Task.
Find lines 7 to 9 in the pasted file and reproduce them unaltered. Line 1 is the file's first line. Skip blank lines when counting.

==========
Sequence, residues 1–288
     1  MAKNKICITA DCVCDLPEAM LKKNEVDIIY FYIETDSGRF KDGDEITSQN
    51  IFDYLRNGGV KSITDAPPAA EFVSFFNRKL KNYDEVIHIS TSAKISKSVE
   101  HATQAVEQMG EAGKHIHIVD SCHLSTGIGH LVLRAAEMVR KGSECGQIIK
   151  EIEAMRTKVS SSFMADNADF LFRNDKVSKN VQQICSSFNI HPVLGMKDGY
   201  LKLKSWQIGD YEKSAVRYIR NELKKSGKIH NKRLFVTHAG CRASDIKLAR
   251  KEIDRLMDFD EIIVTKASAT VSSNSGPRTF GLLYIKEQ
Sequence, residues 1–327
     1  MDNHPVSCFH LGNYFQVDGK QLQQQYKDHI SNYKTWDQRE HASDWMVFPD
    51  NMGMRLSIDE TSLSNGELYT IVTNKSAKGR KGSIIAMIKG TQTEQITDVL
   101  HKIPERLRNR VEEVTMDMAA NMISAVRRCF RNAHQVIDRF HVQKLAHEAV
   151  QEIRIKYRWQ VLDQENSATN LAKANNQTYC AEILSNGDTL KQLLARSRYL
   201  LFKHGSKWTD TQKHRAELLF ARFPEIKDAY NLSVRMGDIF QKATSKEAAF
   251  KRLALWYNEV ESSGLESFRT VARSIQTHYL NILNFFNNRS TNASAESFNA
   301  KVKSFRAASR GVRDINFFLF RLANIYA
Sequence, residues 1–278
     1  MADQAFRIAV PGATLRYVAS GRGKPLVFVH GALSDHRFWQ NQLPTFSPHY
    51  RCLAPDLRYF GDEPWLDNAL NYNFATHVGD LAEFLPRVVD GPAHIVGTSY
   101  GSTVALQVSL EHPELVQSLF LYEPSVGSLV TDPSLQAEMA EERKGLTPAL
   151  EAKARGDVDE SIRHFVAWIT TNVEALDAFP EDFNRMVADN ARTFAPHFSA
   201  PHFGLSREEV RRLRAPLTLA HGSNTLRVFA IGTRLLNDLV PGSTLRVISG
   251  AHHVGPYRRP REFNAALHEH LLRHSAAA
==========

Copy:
   251  KEIDRLMDFD EIIVTKASAT VSSNSGPRTF GLLYIKEQ
Sequence, residues 1–327
     1  MDNHPVSCFH LGNYFQVDGK QLQQQYKDHI SNYKTWDQRE HASDWMVFPD